CSS is very basic and tedious to write by hand. However, by using a CSS preprocessor, we can introduce variables, functions, calculations, shorthand, minification, and other cool stuff all while keeping our source files clean and readable. The power of using a CSS preprocessor for doing responsive design should not be underestimated.
Paul Cheney is a professor of Web Design and Development at Utah Valley University, where he teaches Responsive Design. He also owns his own web design company, which allows him to keep current in the field and share the latest technology with his students.
Hello, my name is Paul Cheney. Let me tell you about this series of Hands On Responsive Design courses.
At the heart of developing any responsive website is a thorough knowledge of how to use HTML5, CSS3, and SASS.
In this course you will learn the skills you need to create a mobile first, responsive web page template that can be used as a basis for an entire site or even a Content Management System.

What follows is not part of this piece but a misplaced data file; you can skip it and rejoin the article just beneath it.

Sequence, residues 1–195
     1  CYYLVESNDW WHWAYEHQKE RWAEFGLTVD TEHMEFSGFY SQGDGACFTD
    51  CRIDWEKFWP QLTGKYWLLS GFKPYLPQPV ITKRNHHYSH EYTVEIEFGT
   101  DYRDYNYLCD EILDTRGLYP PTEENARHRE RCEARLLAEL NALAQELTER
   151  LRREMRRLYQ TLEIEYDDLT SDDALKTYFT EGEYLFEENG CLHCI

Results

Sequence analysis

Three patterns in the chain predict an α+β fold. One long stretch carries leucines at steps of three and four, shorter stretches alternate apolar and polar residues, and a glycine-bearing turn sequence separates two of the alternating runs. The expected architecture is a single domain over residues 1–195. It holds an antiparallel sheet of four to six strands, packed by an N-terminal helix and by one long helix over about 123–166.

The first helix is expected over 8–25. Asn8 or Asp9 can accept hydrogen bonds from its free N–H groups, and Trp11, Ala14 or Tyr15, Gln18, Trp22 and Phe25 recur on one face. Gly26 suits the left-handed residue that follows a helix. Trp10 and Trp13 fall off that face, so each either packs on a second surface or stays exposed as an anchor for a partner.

You will learn the appropriate way to organize your scss partial files, how to reassemble them while including media queries, and how to use variables and math operations to quickly create standard CSS.
You’ll even cover html semantics and way-finding so that your websites are attractive as well as functional.
When you’re finished with this course, you will have a responsive template which you built that is ready to be used as you create your own personal or commercial websites.
I hope you’ll join me as we build a responsive, mobile first web page template in this first of four Hands On Responsive Design courses from Pluralsight.